Combination bazooka / manifold for a mashtun

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Combination bazooka / manifold for a mashtun

Postby billvelek » Wed Feb 14, 2007 2:57 pm

I'm moving my post over here from BeerToolsPro because it was off topic over there. My first attempt here didn't post for some reason, but I thought it did and then I exited the forum, so here goes again. :(

I'm using a 10' length of stainless steel mesh tubing, coiled in the bottom of my tun, to filter extract from my grain. My ice chest is rectangular and the SS tube is simply plugged on one end and the other end is connected onto a plastic tube which runs through the ice chest drain, easily sealed on the outside before each use with a short piece of teflon pipe-thread tape and a short narrow strip of duct tape on top of the teflon; it NEVER leaks, knock on wood. Since I batch sparge, how the tube is coiled in unimportant. I don't use any valves; the outside plastic tube is raised up and clamped by the ice chest handle until it needs to be lowered to drain the tun.

The reason I have such a long bazooka (which only cost $12.00) is that I had initially intended to build sort of a combination bazooka and manifold, but before I got around to it, I was so pleased with the results of my batch sparging that I never bothered. Still, I might decide to follow through with it if I ever find the spare time. This is what I had planned.

I have a thin panel of sturdy aluminum from the bottom of an old storm door; I planned to use either that or to purchase some copper flashing at the hardware store. Whichever I'd use, that would form a plate that would sit flush against the bottom of my ice chest. On top of that plate I planned to fasten my SS tubing, using copper wire that I would run through the plate. The SS tubing would be connected on both ends to a 'T' fitting that would lead through the drain of the ice chest. The purpose for fastening the SS tubing to the plate would be to keep it in a fixed configuration, snaking back and forth at a set spacing -- much like a 'manifold' -- for the purpose of fly sparging. Fastening it would also prevent it from being disturbed by any stirring.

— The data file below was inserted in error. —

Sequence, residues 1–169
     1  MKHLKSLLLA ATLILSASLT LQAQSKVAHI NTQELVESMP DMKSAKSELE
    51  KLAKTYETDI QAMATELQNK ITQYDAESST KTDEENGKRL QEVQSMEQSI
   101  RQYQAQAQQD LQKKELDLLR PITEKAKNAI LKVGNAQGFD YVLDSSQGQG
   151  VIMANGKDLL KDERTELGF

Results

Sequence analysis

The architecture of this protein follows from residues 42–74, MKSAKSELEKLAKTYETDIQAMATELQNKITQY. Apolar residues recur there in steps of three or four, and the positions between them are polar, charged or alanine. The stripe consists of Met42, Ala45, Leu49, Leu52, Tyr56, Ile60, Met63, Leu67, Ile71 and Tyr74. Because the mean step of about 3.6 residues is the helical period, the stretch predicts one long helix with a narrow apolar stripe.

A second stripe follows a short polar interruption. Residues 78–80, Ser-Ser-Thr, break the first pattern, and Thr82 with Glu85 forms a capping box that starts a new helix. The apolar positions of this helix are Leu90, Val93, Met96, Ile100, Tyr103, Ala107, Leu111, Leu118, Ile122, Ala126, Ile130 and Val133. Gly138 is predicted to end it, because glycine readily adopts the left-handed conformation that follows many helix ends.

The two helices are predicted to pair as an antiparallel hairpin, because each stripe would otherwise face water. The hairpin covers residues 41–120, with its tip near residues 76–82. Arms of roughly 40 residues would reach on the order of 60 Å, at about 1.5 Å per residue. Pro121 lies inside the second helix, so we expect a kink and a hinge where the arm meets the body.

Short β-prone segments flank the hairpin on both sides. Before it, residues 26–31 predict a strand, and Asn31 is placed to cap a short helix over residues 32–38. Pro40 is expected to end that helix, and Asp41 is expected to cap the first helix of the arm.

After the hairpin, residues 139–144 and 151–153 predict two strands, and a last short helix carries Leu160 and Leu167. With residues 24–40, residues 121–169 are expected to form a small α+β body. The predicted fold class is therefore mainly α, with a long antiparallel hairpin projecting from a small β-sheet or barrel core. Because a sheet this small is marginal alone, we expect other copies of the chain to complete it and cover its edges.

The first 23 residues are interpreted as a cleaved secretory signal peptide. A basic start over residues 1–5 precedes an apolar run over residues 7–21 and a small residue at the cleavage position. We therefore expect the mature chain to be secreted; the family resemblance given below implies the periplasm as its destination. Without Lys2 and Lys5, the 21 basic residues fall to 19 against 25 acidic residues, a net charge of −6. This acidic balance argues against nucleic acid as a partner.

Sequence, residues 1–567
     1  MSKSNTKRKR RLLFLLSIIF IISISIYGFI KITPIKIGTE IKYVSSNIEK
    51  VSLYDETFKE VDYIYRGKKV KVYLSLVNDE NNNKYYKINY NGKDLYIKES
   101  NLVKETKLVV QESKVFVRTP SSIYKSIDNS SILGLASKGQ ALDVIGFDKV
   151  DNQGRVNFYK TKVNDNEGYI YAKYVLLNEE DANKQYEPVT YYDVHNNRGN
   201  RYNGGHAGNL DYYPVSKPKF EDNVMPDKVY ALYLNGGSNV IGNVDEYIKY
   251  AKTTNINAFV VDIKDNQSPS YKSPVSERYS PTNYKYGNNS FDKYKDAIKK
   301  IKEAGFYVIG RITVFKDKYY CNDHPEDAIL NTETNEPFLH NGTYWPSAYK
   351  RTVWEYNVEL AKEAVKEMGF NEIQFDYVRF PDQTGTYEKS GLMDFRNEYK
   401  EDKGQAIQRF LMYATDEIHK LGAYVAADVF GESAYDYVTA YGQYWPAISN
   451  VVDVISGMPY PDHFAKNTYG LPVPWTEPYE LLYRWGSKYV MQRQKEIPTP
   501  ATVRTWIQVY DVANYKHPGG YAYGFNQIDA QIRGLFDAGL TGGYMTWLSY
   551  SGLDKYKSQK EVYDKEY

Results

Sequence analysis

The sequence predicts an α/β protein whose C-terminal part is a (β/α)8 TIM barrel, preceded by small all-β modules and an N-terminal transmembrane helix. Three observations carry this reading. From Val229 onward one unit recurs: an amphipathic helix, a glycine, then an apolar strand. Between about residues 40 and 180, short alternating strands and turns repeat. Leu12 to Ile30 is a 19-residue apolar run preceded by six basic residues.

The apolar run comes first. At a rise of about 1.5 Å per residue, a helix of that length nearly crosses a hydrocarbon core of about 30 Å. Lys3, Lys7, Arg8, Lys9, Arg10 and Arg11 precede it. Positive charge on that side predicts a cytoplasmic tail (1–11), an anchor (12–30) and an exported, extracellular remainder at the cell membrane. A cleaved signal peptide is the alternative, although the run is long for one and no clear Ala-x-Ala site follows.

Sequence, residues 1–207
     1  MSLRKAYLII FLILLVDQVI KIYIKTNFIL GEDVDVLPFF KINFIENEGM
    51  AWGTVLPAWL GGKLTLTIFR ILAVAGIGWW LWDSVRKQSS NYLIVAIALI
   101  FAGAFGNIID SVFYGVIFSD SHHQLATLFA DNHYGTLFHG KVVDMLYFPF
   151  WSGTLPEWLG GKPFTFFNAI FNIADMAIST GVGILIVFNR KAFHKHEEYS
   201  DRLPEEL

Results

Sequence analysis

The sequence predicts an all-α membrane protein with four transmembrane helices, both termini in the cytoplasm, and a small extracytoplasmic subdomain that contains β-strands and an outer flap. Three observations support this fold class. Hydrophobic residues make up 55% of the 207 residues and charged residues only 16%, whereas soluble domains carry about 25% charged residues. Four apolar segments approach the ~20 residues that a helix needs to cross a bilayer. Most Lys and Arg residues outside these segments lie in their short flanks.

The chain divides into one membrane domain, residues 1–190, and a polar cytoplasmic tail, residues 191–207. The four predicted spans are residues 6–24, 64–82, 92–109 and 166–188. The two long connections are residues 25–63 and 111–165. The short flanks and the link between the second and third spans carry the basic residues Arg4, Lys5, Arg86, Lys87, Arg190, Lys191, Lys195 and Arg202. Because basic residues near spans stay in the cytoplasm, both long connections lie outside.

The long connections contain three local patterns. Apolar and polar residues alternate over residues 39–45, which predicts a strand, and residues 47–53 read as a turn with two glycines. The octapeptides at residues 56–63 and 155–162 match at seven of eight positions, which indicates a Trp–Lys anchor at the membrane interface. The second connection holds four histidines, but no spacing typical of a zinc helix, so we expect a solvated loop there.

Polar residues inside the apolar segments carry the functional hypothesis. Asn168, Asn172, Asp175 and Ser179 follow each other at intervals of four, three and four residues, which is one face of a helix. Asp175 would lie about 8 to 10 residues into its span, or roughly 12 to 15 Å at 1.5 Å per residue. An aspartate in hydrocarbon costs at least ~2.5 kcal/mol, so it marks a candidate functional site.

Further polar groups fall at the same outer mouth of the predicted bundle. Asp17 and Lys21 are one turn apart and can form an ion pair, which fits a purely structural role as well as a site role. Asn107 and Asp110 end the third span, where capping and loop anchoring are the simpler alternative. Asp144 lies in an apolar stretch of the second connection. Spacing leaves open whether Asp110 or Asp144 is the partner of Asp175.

I did have two concerns. First, whether there would be any problem, during the relatively short mash periods (I seldom go more than an hour), with galvanic (spelling?) corrosion due to dissimilar metals in a slightly acidic liquid; would the stainless mesh be ruined, and would it impart any metallic tastes to my beer? Second, cleaning could be more difficult, but I figured I could just squirt it off and dry it all in the oven and not worry if there is any residue remaining inside.

Now, I have pretty much concluded that my batch sparging is good enough because I can drain and sparge for a 5 gallon batch, including my vorlauf before each running, in a half hour or less -- easily -- and I get very clear runnings with close to 80% efficiency and I'm not really worrying about getting a few percentage points more. The extract usually runs out of my tun almost like I were just draining water from it, and even when slowed done by my wheat beer which used 25% baking flour, it never actually stuck completely, and I didn't use any rice hulls, either. Never a stuck sparge -- knock on wood again.

Anyway, would there be any foreseeable advantage to my building it so that I can fly sparge? Of course, I'd still be able to batch sparge with it. Any problems that anyone can think of with this design?

Cheers.

Bill Velek
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RE: Combination bazooka / manifold for a mashtun

Postby wottaguy » Thu Feb 22, 2007 8:23 am

Hi Bill,